09 February 2010

More about poultry choices

Today the supermarket advertising flyers came in the mail. Here's a sample of some of the poultry on special.

ED (stands for EuropaDiscount), the "hard discount" grocery store, as a good price on Label Rouge chickens at the end of the week. I'll have to go pick up a couple of them. You can never have too much chicken, and we have a freezer. The price is 2.99 € per kilogram, and that's just 1.35 € per pound. You usually pay that much for industrially produced chickens.

I paid 5.11 €, or 3.80 €/kg (1.75 €/lb.) for the Label Rouge poulet blanc that I butterflied and broiled the other day, and that was already a very good price. More often it's 5 €, and prices range up to 6 or 7 €/kg — in other words, 2.25 to 3.25 €/lb. Most of these chickens weigh from 1.3 kg to 2 kg — 3 to 4½ lbs. Larger than that you get capons, coqs, and turkeys.

Label Rouge chickens at ED for a very low price

Meanwhile, Intermarché this week has a sale on everything to do with ducks — whole birds, parts, foie gras, gizzards, hearts, fat, rillettes... the whole nine yards. I already have plenty of duck fat in the fridge, and I even have a big tin of gésiers confits (gizzards) in the pantry. What I'm interested in is the whole duck, a canard gras, which I assume is a duck that was fattened for foie gras production. It's sold without the liver.

Whole duck on sale at Intermarché for a good price too

One of the things I've had on my cooking list for a while is Chinese-style canard laqué. I'm not even sure what we call that in English. Glazed duck? Peking duck? It looks simple to do. You just paint the whole raw duck in a mixture of soy sauce, plum sauce or honey, garlic, ginger, five-spice powder, and vinegar and leave it overnight in the fridge. Then you roast it, basting it with the pan juices, for two or three hours, including an hour or more where it is wrapped in foil so that it cooks through. At the end you uncover it, baste it, and brown it.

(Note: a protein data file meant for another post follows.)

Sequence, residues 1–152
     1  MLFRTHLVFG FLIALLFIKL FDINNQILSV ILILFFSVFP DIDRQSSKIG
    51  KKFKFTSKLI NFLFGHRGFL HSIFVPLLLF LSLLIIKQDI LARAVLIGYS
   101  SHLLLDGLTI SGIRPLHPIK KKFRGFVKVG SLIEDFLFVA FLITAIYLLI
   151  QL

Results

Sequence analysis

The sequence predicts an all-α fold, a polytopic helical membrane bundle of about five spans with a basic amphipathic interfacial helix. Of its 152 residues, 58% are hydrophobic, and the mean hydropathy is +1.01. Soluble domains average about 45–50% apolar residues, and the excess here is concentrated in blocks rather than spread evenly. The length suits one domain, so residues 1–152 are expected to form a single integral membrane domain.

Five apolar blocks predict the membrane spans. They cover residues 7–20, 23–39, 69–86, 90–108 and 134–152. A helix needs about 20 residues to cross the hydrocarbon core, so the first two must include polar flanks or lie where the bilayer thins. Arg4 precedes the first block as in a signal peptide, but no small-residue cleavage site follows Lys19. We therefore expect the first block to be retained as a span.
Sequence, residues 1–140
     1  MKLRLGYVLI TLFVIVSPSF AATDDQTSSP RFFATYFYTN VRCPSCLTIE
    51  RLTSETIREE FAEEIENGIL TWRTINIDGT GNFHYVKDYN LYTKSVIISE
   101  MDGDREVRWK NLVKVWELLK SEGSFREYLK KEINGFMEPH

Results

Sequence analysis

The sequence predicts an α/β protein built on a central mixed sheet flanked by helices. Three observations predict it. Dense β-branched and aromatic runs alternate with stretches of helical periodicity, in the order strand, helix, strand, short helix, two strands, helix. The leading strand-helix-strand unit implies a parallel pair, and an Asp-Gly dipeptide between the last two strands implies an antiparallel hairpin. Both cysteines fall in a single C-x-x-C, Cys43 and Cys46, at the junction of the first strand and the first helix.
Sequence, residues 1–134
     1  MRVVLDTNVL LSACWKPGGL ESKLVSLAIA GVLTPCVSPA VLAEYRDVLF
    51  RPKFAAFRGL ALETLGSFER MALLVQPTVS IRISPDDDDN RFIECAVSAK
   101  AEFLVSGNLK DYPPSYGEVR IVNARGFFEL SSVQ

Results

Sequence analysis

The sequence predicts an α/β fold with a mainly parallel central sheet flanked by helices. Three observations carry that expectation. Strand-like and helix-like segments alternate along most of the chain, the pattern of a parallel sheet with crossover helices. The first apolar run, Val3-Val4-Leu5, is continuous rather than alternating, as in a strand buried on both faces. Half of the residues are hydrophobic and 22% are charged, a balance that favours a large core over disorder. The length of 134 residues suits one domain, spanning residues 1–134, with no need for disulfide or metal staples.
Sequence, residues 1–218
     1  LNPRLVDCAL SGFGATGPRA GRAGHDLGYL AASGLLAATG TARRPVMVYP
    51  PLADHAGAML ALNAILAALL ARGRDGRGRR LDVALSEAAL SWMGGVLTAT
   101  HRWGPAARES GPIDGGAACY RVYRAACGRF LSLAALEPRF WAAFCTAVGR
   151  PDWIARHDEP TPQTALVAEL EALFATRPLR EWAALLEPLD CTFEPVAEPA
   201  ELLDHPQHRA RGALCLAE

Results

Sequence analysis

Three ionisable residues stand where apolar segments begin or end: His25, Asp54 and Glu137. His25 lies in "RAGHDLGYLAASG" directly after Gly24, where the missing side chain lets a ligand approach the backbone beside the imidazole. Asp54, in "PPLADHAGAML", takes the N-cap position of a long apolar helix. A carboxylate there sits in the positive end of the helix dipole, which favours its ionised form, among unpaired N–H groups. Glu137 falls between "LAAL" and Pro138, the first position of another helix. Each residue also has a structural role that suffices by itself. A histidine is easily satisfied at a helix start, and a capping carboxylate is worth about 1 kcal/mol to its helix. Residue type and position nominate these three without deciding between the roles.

At 2.99 €/kg, the same price as the Label Rouge chicken, this is a good deal. Of course, I'll be paying for the head and that long neck, since the duck is sold entier. But that's OK. The neck, at least, will be good for making stock.

The duck breast or magret de canard costs more, of course.
It's cooked like good beefsteak — rare or medium, no more.

Finally, SuperU has Label Rouge pintades, or guinea hens, on special at 6.49 €/kg, or about 2.95 €/lb. I'm less tempted because of the higher price, and because we had guinea hen for lunch day before yesterday in Blois, where we were the guests of friends. It was delicious. I assume it was roasted, but it was brought to the table already cut into serving pieces that were literally swimming in a sauce or broth that had a lot of butter and some chestnuts in it.

Label Rouge guinea hens for sale at SuperU

The Joy of Cooking describes the flesh of the guinea hen as "very lean." Guinea fowl are raised commercially, obviously — SuperU sells them — but they are a little gamier than chicken. They're more like pheasant, which, along with the chicken, is a related species.

The Larousse Gastronomique says young guinea fowl can be cooked like pheasant or partridge (whatever way that is), and fatter guinea hens can be prepared and served just like chicken. In my experience, that's true. We've cooked them a few times (posts here and here) with good results.